Few films capture the mix of dysfunction and warmth that comes with Thanksgiving better than Jodie Foster’s 1995 comedy. Holly Hunter and Robert Downey, Jr. are perfectly cast as a brother and sister weathering uptight siblings, kooky aunts and other family drama with sharp humor and lump-in-your throat tearful moments. We’re not crying. Mom must be cooking her famous onion soup.


2. Hannah and Her Sisters

Widely considered one of the best films in Woody Allen’s vast filmography, Hannah and Her Sisters charts the lives of three very different sisters over the course of three separate Thanksgivings. The holiday serves as a backdrop that reminds us of the ties that bind and also tear us down.


1. Planes, Trains And Automobiles

No movie captures the ups and downs of Thanksgiving quite like this John Hughes classic. Steve Martin plays Neal Page, a high-strung marketing suit who gets paired with John Candy’s slobby salesman Del Griffith as they both try to get back to Chicago in time for the holiday. Hughes was a master of tapping into some very American emotions, and the movie’s climax — where (spoiler alert!) Neal realizes Del has nowhere to go and invites him to come to dinner with his family — is a touching moment that in lesser hands would come off as maudlin.

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Thank Azaria

Best. Characters. Ever.

Our favorite Hank Azaria characters.

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GIFs via Giphy

Hank Azaria may well be the most prolific voice and character actor of our time. The work he’s done for The Simpsons alone has earned him a permanent place in the pop culture zeitgeist. And now he’s bringing another character to the mainstream: a washed-up sports announcer named Jim Brockmire, in the aptly titled new series Brockmire.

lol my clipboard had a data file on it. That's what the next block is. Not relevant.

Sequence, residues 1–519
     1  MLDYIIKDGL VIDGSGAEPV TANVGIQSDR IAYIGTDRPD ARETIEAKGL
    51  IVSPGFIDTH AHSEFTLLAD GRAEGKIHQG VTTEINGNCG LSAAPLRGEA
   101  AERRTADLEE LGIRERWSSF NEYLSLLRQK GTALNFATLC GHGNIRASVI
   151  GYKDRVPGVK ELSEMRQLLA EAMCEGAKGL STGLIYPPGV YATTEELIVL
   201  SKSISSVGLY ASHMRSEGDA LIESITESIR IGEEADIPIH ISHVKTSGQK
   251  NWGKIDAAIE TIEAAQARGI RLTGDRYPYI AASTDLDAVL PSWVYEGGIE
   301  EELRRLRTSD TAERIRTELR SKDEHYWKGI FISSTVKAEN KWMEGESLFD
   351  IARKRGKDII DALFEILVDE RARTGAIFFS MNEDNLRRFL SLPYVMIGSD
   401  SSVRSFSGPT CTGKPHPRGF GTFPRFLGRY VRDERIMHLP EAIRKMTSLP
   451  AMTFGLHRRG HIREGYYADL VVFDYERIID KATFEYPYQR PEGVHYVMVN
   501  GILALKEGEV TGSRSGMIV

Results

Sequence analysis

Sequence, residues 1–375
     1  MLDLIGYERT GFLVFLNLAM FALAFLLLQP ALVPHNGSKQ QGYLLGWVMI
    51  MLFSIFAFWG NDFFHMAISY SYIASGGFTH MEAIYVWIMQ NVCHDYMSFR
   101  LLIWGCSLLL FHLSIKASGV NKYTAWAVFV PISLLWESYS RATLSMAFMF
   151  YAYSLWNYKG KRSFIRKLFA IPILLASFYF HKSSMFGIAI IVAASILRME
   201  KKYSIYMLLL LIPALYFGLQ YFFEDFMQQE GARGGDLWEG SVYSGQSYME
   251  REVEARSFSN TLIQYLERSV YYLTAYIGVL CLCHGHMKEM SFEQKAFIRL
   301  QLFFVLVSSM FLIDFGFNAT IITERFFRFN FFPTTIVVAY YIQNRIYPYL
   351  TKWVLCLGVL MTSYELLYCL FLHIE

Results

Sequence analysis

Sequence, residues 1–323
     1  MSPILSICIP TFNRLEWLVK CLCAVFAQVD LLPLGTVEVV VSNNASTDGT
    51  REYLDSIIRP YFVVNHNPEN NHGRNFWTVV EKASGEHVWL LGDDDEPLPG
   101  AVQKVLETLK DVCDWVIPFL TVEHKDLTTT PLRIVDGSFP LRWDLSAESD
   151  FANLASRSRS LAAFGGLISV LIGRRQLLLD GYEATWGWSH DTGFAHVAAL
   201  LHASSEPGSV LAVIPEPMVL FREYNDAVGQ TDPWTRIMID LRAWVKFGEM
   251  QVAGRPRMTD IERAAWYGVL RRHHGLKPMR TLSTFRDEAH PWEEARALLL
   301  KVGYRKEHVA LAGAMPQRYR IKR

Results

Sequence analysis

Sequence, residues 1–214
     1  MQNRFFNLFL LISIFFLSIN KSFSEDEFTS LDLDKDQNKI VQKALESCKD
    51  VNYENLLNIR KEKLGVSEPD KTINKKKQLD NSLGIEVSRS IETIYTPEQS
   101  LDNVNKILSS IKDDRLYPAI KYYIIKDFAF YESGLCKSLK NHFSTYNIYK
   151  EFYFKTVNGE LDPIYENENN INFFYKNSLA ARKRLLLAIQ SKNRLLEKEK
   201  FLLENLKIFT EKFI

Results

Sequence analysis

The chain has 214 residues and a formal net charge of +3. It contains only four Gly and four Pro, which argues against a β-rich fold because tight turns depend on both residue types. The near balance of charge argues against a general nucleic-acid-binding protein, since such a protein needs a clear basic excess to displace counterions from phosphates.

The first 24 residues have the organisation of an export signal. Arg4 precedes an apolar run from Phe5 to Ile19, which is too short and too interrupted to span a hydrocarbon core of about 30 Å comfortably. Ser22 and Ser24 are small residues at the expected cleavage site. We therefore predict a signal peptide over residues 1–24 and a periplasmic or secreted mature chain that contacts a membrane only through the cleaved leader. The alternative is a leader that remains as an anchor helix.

We’re looking forward to it. So much so that we want to look backward, too, with a short-but-sweet retrospective of some of Azaria’s important characters. Shall we begin?

Half The Recurring Simpsons Characters

He’s Comic Book Guy. He’s Chief Wiggum. He’s Apu. He’s Cletus. He’s Snake. He’s Superintendent Chalmers. He’s the Sea Captain. He’s Kurt “Can I Borrow A Feeling” Van Houten. He’s Professor Frink. He’s Carl. And he’s many more. But most importantly he’s Moe Szyslak, the staple character Azaria has voiced since his very first audition for The Simpsons.

Oh, and He’s Frank Grimes

For all the regular Simpsons characters Azaria has played over the years, his most brilliant performance may have been a one-off: Frank Grimes, the scrappy bootstrapper who worked tirelessly all his life for honest, incremental, and easily-undermined success. Azaria’s portrayal of this character was nuanced, emotional, and simply magical.

Patches O’Houlihan

Dodgeball is a “sport of violence, exclusion and degradation.” as Hank Azaria generously points out in his brief but crucial cameo in Dodgeball. That’s sage wisdom. Try applying his “five D’s” to your life on and off the court and enjoy the results.

Harold Zoid

Of Futurama fame. The crazy uncle of Dr. Zoidberg, Harold Zoid was once a lion (or lobster) of the silver screen until Smell-o-vision forced him into retirement.

Agador

The Birdcage was significant for many reasons, and the comic genius of Hank Azaria’s character “Agador” sits somewhere towards the top of that list. If you haven’t seen this movie, shame on you.

Gargamel

Nobody else could make a live-action Gargamel possible.

Ed Cochran

From Ray Donovan. Great character, great last name [editorial note: the author of this article may be bias].

Kahmunra, The Thinker, Abe Lincoln

All in the Night At The Museum: Battle Of The Smithsonian, a file that let Azaria flex his voice acting and live-action muscles in one fell swoop.